IAS 26 deals with accounting and reporting by the plan to all participants as a group.
Retirement benefit plans may be defined contribution plans or defined benefit plans:
- In a defined contribution plan, amounts to be paid as retirement benefits are determined by the contributions to the fund, together with investment earnings thereon;
- In a defined benefit plan, amounts to be paid as retirement benefits are determined by reference to a formula which is usually based on employees’ earnings and/or years of service.
The financial statements should contain a statement of net assets available for benefits and a description of the funding policy.
The objective of reporting by a defined contribution plan is to provide information about the plan and the performance of its investments. That objective is usually achieved by providing financial statements that include the following:
- a description of significant activities for the period, and the effect of any changes relating to the plan;
- a report on the transactions and investment performance for the period and the financial position of the plan at the end of the period; and
- a description of the investment policies.
The financial statements of a defined benefit plan should contain either:
- a statement that shows:
- the net assets available for benefits;
- the actuarial present value of promised retirement benefits;
- the resulting excess or deficit; OR
- a statement of net assets available for benefits, including either:
- a note disclosing the actuarial present value of promised retirement benefits; or
- a reference to this information in an accompanying actuarial report.
If an actuarial valuation has not been prepared at the date of the financial statements, the most recent valuation should be used and the date of the valuation disclosed.
The financial statements should explain the relationship between the actuarial present value of promised retirement benefits and the net assets available for benefits, together with the policy for the funding of promised benefits.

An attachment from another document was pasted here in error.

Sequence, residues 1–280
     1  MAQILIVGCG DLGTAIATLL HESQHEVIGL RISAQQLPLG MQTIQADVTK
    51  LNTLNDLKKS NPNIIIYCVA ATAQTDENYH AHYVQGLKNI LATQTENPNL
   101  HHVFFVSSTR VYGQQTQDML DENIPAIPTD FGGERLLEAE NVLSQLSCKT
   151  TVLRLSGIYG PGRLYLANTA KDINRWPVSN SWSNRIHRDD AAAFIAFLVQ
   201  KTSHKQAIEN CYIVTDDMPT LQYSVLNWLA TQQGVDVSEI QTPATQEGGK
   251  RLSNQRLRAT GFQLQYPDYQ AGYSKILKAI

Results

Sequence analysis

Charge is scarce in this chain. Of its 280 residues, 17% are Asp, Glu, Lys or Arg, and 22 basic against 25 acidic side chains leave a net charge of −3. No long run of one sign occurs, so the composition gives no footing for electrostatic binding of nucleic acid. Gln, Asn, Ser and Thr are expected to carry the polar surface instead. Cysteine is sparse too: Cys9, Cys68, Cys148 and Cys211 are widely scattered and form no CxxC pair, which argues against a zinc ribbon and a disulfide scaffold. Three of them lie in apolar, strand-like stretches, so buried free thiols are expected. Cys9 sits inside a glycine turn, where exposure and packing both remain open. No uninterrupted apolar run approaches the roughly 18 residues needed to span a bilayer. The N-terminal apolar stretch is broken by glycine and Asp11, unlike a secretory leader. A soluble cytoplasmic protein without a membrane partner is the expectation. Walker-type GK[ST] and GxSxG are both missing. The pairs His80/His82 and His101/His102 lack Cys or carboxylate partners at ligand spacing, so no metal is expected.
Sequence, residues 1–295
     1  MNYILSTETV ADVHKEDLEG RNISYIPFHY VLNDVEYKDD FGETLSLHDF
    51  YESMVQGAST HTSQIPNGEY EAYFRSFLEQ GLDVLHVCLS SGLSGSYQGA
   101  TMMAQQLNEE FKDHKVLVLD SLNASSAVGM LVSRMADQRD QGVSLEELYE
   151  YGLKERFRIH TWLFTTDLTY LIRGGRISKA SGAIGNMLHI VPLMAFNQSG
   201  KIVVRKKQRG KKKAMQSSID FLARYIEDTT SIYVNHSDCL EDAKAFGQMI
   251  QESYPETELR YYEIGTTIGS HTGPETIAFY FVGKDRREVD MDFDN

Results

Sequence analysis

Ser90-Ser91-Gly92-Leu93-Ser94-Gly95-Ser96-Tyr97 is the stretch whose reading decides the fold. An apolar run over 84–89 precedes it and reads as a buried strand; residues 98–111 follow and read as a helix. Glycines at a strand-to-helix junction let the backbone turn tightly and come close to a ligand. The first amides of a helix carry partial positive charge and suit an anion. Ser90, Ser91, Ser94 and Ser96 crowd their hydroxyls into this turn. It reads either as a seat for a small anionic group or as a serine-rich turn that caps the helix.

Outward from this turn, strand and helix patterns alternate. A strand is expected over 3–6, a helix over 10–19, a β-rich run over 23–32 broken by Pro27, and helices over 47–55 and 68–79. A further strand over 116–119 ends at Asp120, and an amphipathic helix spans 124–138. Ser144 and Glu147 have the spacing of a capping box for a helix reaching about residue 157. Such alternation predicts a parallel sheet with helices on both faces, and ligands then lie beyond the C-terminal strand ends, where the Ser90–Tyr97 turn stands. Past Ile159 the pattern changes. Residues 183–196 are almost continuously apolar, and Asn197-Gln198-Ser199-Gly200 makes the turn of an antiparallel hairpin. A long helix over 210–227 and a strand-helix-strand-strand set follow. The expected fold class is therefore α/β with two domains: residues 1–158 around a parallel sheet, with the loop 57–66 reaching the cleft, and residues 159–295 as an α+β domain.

The objective of the reporting by a defined benefit plan is to provide information about the financial resources and activities of the plan that is useful in assessing the relationship between the accumulation of resources and plan benefits over time. This objective is usually achieved by providing financial statements that include the following:
- a description of significant activities for the period and the effect of any changes relating to the plan;
- statements reporting on the transactions and investment performance for the period and the financial position of the plan at the end of the period;
- actuarial information either as part of the statements or by way of a separate report; and
- a description of the investment policies.
Actuarial present value of promised retirement benefits
The present value of the expected payments by a defined benefit plan may be calculated using current salary levels or projected salary levels up to the time of retirement of participants.
Valuation of plan assets
Retirement benefit plan investments should be carried at fair value.
The financial statements of all retirement benefit plans should disclose:
- a statement of changes in net assets;
- a summary of significant accounting policies; and
- a description of the plan and the effect of any changes in the plan during the period.
Financial statements provided by retirement benefit plans should include the following if applicable:
- Statement of changes in net assets available for benefits, showing the following: employer contributions;
- employee contributions;
- investment income;
- benefits paid;
- administrative expenses;
- other expenses;
- taxes on income;
- profits and losses on disposal of investments;
- changes in value of investments;
- transfers from and to other plans.
- Statement of net assets available for benefits, disclosing;
- Additional disclosures for defined benefit plans:
- actuarial present value of promised retirement benefits;
- description of significant actuarial assumptions;
- method used to calculate the actuarial present value of promised retirement benefits.